Film Reviews

Before Midnight Richard Linklater

Rating - 8/10

Now in its third decade, Richard Linklater's Before series distills the essence of romantic experiences and suspends them in time, much like the episodes of Ingmar Bergman's chamber play-turned-television serial, Scenes from a Marriage (1973). The strolls through various cities compress several years of lives into ninety-ish-minute intervals to toast possibility and reminiscence.  The first film, Before Sunrise, released in 1995, revealed itself to be a romance of seemingly infinite potential between two twentysomethings; Before Sunset, the reunion in 2004, was a tribute to memory and its haunting, distorting possessiveness.  In Before Midnight, the most confrontational entry yet, the dream is dying; the struggles of reality, aging, and mid-life are looming.  Parental and professional responsibilities tug the couple between separate places.  That's exactly how the film opens, with an emotional goodbye at the Kalamata International Airport in Greece between father Jesse (Ethan Hawke) and soon-to-be high school freshman son Hank (Seamus Davey-Fitzpatrick) from a prior relationship.  As Hank flies out of one life and into another, so does Jesse with the camera in tow, panning around a corner to his now-long-time girlfriend Cèline (Julie Delpy) and their sleeping twin daughters in the backseat of the car.  The ensuing title sequence still possesses a dreamlike quality in a subtle montage, especially paired with a gentle piano score, but the appearance of the title card, Before Midnight, triggers not just the recognition of a celestial clock but the advancement of solar time and the dwindling sense of time beyond romance.  Abandoning the idealized yearning, the film's couple has established a routine, as the projection of the ideal relationship has now been transferred to aspirations and other family.  For Cèline, it's a well-respected governmental job in Europe.  In Jesse's case, it's being a consistent presence for his son in Chicago.  "If I miss these years (of Hank's life), they're never coming back," he laments.  "This is how people break up," Cèline replies, half-jokingly.  This car ride reveals another distillation in the film series that has come to be built upon them- a micro version and foreshadowing of a later feud regarding identity and sustaining repletion.

As Jesse and Cèline stop after a drive, they traverse on foot to the lavish property of a prominent writer Patrick Fermor (Walter Lassally) on the Peloponnese peninsula with a few other couples in different stages of life.  Prior to a communal dinner, Jesse converses with fellow writers on this retreat about ideas for a story compilation concerning people with brain abnormalities, and he ultimately concludes that it's a book that will primarily deal with perception.  Linklater uses this discussion as a springboard into altering audiences' perceptions of the Before series itself.  The two prior entries feel like exclusively intimate conversations between the two lovers.  In Midnight, the former half of the film almost threatens to break off into a separate entity beyond the conventional boundaries with a focus on group conversation rather than the intimacy of one-on-one.  However, as this trip to Greece is a detour in their lives, it simultaneously serves to reinvigorate their lives and redefine the series.  It distances the film from Sunrise and Sunset, which also somewhat distracts it from its pure origin of focus.  Midnight is ultimately about the distractions that have pulled Jesse and Cèline away from their passionate love for one other; in examining the film from that angle, the film does promise to play out similarly to its immediate predecessor.  The scene at the jetty preceding their promenade to the complementary hotel where they sit to watch the sunset is loaded with an inexplicable emotion, chronically synchronizing and suspending a stage of their lives.  The period before sunset finally passes, and the film Before Sunset could be, in a sense, linked to all the cinematic minutes prior to this scene.  Even though this film is titled Before Midnight, it doesn't advance to the twilight hours until its final third.  Heading towards the mesonoxian hour in a confined space, an intensified conflict of misgivings naturally emerges.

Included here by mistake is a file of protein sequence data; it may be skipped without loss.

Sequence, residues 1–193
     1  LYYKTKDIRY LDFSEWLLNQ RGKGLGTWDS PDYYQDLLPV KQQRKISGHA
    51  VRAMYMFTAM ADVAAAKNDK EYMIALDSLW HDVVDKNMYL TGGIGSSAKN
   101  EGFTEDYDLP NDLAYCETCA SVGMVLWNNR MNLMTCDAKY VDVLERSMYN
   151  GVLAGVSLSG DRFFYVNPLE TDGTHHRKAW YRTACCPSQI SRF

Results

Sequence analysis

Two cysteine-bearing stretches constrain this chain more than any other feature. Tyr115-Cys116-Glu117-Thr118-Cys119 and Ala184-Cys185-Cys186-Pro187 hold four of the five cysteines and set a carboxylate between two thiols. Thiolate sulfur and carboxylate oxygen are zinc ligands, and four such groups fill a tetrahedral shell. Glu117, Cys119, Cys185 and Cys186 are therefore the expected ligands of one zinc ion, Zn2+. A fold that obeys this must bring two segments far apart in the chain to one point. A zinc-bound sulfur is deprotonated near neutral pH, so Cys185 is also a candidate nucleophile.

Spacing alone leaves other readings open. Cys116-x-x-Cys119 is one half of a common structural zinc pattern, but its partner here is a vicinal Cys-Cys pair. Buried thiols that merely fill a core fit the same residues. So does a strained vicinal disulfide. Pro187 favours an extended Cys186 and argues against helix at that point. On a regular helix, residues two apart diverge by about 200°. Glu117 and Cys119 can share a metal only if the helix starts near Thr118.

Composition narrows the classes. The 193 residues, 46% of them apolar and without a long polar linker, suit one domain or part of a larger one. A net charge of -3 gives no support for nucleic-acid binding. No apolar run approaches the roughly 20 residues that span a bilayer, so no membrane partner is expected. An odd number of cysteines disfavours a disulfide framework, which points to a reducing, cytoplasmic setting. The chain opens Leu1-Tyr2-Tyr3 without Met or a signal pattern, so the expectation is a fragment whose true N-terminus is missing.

The concluding portion of the film reinforces the engaging multidimensional character development of not just this film but of the last 250 minutes of cinematic time or eighteen years in the lives of the couple.  As a sterile, private, and strictly modern environment, the hotel room is symbolically the antithesis of pure romanticism, sense of civilization, and breathtaking views in the streets of Vienna (Sunrise), Paris (Sunset), and private locale in Messenia, Greece.  Jesse and Cèline are no longer afforded the luxury of an open environment to subconsciously invest their sanguine sentiments; instead, a claustrophobic negativity spills out uncontrollably.  During this sequence, Linklater assumes a position that is empathetic with each of his characters; as the dialogue was written by the director and the two actors, it comes across naturally with both a biting sarcastic tongue and general affection.  All three of these films, while meticulously scripted, feel rather effortless, because they harness a unique energy and chemistry between those with a passion for life.  Still the focal point, conversation in Midnight, just like its predecessors, can be seen as a kind of rousing therapy.  Through Jesse and Cèline's talks, the contradictions of their lives are steadily revealed; the forces of motivation also threaten to isolate them from their most beloved.  In the final throes of argument, the film veers toward dismissing or mocking Cèline's fatalist sense of control and the inherent incongruity in her own feminist fairy tale, but the concluding shots refer to a wine toast prompted during the evening's dinner by Natalia (Xenia Kalogeropoulou), one of Patrick's guests: "We appear, and we disappear, and are so important to some, but we are just passing through."  Midnight is configured with a light resolve and the perseverance of people so in love it has afforded them the means to share transportive moments that initially characterized their magical meeting.  Eighteen years ago, in Sunrise, to coerce Cèline to step off the train with him in Vienna, Jesse framed a hypothetical scenario: "Think of this as time travel, from then (twenty years), to now, to find out what you're missing out on."  In cinematic time, critical moments may have been missed, but the way Before Midnight continues to encapsulate time of the human experience is unparalleled.